Hong Kong became a British Crown colony in three phases. Between 1840 and 1842, Britain seized the Chinese island as part of the Opium War, so-called because the immediate occasion was the confiscation of British merchants' opium that had been shipped into China in violation of Chinese laws. As early as 1800, China had prohibited importation of opium, but European and American shippers continued the lucrative trade. The Treaty of Nanking in 1842 made Hong Kong a British possession. In 1860, another British-initiated military adventure led to the acquisition of Kowloon and Stonecutters Island. These became part of Hong Kong. Finally, in 1898, the British forced the Chinese to lease to them the New Territories for 99 years; these were administered as Hong Kong territory.
Until 1842, Hong Kong had been Chinese, but it played only a marginal role in national affairs. 1 Populated by peasants and fisherpeople, all but a few lived in small villages in traditional Chinese fashion. Many of these villages had tiny schools financed by local people who were sufficiently wealthy to contribute. There was no tuition and fees were minimal. Children attended when they could and remained, typically, for 2 or 3 years. They gained an unsteady grasp of reading and writing. One did not need either for success in fishing or farming although the elementary numeracy they commanded was of practical use.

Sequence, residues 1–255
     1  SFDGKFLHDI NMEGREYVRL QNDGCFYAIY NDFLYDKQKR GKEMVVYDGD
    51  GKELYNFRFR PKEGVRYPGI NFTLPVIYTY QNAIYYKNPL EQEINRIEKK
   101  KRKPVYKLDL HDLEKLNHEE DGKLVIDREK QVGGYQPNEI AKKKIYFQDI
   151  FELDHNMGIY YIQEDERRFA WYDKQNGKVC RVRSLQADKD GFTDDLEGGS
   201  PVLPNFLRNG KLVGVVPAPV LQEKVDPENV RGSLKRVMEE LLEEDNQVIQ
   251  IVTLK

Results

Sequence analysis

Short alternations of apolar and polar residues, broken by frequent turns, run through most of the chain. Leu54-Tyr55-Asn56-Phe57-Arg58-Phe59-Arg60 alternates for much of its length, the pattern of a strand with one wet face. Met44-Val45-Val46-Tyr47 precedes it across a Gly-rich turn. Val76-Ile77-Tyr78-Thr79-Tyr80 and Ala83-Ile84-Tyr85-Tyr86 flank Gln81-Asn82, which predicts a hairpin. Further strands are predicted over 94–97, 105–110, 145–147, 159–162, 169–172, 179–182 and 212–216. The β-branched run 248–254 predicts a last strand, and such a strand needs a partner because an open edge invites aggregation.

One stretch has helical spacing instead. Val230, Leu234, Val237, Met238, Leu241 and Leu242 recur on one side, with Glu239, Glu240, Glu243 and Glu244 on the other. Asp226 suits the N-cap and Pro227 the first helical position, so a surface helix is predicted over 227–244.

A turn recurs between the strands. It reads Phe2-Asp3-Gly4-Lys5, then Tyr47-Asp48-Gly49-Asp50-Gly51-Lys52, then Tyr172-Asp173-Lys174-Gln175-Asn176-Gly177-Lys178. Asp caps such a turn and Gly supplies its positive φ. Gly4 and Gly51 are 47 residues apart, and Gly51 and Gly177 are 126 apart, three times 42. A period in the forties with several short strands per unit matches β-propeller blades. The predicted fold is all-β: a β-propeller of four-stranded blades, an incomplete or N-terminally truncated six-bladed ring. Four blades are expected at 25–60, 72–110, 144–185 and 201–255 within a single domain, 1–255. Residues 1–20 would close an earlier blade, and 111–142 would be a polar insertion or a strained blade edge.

More than opium profits attracted the British to Hong Kong. They sought to make the colony into the principal port of entry for the world's trade with China. Constituting at the time the greatest naval and economic power in the world, Britain was well equipped for the task. It needed laborers who were in plentiful supply in Canton and surrounding territory; this great Chinese city lay